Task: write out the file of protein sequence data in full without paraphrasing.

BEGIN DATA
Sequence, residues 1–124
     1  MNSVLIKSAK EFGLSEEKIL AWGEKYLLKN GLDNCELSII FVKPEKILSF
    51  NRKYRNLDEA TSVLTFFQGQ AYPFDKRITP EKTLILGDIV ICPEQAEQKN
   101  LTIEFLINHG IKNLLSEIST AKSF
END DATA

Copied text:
Sequence, residues 1–124
     1  MNSVLIKSAK EFGLSEEKIL AWGEKYLLKN GLDNCELSII FVKPEKILSF
    51  NRKYRNLDEA TSVLTFFQGQ AYPFDKRITP EKTLILGDIV ICPEQAEQKN
   101  LTIEFLINHG IKNLLSEIST AKSF